Research Fellows Directory
Professor Andrew Mackenzie
University of St Andrews
My research focuses on understanding the behaviour of electrons in solids in which metallic elements bond with oxygen ions. Oxides are often insulators, like most minerals. This does not have to be the case, however. Certain special oxides conduct like metals and also show even more exotic behaviour such as superconductivity, in which a current can pass through the material without dissipating any energy.
To observe this unusual behaviour, one must work with materials in which the electrons interact strongly with each other. You might think that since electrons are charged particles, they MUST interact strongly, but this is not actually true. In fact, one of the early triumphs of quantum mechanics was to understand why it is possible to have metals, and insulators, in which the electrons are able to move more or less independently of one another.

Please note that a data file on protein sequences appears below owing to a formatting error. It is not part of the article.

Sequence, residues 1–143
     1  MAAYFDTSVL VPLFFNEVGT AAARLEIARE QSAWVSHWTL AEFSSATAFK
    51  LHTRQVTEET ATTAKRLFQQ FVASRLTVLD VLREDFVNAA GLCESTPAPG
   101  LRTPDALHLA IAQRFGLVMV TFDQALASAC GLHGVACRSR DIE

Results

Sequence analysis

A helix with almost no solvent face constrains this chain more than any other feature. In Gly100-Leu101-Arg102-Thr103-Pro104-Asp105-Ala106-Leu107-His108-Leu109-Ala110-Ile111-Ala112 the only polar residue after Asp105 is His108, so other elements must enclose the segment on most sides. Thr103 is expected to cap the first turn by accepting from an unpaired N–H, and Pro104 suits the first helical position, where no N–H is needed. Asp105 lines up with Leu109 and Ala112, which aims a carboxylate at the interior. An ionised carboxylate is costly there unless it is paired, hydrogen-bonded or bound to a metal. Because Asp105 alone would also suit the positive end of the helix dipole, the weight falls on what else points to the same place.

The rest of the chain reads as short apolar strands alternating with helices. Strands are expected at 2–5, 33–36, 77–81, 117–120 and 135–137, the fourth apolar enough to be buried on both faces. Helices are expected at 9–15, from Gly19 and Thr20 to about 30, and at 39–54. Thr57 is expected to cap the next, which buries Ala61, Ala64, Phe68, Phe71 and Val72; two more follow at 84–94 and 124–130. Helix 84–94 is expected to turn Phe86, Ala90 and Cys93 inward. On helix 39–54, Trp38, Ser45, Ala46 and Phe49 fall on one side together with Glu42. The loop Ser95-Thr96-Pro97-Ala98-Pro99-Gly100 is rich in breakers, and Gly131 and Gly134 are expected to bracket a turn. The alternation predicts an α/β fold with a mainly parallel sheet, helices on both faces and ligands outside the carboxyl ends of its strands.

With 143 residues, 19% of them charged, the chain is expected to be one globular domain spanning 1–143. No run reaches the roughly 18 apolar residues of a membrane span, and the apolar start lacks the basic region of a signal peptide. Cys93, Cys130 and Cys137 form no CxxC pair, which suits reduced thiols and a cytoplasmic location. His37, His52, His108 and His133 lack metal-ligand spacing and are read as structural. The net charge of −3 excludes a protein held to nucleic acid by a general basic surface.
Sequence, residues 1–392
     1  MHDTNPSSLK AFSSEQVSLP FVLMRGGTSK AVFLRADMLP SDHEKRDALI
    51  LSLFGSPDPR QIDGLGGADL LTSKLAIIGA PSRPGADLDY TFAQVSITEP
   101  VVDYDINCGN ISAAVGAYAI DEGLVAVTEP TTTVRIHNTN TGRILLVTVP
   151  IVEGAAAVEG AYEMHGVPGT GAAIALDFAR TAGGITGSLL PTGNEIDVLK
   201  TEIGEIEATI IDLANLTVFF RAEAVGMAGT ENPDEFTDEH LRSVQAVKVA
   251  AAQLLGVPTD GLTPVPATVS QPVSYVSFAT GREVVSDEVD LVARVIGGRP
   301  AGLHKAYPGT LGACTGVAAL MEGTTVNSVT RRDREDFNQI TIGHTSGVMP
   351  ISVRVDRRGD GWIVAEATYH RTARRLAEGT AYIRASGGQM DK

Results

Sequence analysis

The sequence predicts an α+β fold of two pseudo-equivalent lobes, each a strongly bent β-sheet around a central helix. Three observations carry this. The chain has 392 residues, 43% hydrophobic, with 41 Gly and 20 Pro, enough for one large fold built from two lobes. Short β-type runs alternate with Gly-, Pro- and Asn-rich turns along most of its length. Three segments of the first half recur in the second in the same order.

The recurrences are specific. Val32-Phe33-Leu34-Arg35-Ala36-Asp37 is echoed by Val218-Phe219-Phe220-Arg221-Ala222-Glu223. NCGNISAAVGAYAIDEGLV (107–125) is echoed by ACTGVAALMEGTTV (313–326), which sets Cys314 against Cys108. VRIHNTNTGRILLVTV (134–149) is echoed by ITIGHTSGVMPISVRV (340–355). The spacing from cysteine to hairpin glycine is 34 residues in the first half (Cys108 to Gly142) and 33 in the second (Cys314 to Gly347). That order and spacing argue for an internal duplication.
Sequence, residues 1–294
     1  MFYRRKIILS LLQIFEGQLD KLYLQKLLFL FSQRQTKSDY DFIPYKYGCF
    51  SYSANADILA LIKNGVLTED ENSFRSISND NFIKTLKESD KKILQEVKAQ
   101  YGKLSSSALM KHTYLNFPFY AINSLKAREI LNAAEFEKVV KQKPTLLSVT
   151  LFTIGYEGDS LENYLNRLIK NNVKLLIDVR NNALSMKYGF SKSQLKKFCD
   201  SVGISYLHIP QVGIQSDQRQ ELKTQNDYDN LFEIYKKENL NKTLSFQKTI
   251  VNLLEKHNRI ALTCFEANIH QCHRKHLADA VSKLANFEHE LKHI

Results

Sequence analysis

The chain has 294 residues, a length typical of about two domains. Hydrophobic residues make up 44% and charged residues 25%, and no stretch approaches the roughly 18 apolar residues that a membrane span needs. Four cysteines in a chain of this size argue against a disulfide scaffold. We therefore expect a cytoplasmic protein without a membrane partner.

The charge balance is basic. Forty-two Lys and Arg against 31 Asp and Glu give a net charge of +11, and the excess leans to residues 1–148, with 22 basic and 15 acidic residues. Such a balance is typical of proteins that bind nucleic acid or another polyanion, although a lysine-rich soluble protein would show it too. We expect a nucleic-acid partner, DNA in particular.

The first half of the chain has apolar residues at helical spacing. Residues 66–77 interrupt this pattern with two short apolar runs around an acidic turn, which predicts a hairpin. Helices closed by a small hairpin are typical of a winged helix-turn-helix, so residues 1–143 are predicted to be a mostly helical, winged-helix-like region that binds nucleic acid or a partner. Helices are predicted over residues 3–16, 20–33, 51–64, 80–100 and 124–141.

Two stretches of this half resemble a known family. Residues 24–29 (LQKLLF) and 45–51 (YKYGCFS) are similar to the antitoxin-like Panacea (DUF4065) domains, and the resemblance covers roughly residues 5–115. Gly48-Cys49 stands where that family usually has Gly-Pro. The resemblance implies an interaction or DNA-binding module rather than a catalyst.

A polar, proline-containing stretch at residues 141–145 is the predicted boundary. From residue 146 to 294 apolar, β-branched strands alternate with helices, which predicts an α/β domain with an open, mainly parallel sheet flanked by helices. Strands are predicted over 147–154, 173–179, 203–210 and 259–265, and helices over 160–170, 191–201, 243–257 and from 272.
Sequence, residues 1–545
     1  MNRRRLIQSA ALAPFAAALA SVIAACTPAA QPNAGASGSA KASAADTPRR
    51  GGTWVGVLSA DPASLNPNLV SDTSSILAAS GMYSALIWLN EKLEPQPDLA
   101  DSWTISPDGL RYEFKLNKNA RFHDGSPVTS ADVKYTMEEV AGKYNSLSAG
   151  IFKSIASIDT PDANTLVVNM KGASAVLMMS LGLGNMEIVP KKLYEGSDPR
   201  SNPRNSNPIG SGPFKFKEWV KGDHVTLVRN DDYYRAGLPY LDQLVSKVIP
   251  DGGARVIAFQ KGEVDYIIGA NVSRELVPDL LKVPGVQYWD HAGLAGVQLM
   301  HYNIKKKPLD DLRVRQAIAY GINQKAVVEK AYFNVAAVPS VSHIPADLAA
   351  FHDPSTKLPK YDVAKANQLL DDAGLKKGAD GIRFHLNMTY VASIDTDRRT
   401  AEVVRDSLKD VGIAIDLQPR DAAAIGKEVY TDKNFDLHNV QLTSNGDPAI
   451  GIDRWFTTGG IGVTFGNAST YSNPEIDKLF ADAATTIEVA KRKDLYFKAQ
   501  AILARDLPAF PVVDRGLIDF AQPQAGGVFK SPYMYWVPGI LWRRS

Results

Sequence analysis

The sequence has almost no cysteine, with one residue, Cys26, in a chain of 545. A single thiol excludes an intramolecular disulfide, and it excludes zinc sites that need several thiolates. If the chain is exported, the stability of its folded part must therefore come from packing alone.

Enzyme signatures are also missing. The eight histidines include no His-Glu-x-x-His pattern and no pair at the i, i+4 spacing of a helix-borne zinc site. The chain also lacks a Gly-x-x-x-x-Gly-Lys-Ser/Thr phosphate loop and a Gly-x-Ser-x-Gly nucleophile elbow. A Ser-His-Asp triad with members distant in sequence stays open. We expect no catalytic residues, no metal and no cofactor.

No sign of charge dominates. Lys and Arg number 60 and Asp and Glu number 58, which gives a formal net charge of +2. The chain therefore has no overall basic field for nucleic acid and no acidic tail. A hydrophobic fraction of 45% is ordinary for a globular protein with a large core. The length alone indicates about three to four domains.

Going beyond this remarkable approximation is both more challenging and more interesting. It is also relevant to continuing the technological revolution that underpins society in the developed world. The semiconductor industry has optimised the performance of silicon with amazing ingenuity over the past thirty years, but it is clear that the limits of silicon’s capabilities are in sight.
If we are to maintain the rate of technological progress, we need to develop entirely new materials and methods. This provides one of the motivations for research into the esoteric properties of materials with strong electronic interactions. Oxides are an ideal platform because they can be combined to give hybrid structures with truly powerful properties.
Although I want my work to be of practical use, the thing that fascinates me most about research is the way that apparently unrelated and abstract advances in different fields can come together and drive progress. I consider myself extremely lucky to have the opportunity to seek out and understand these links.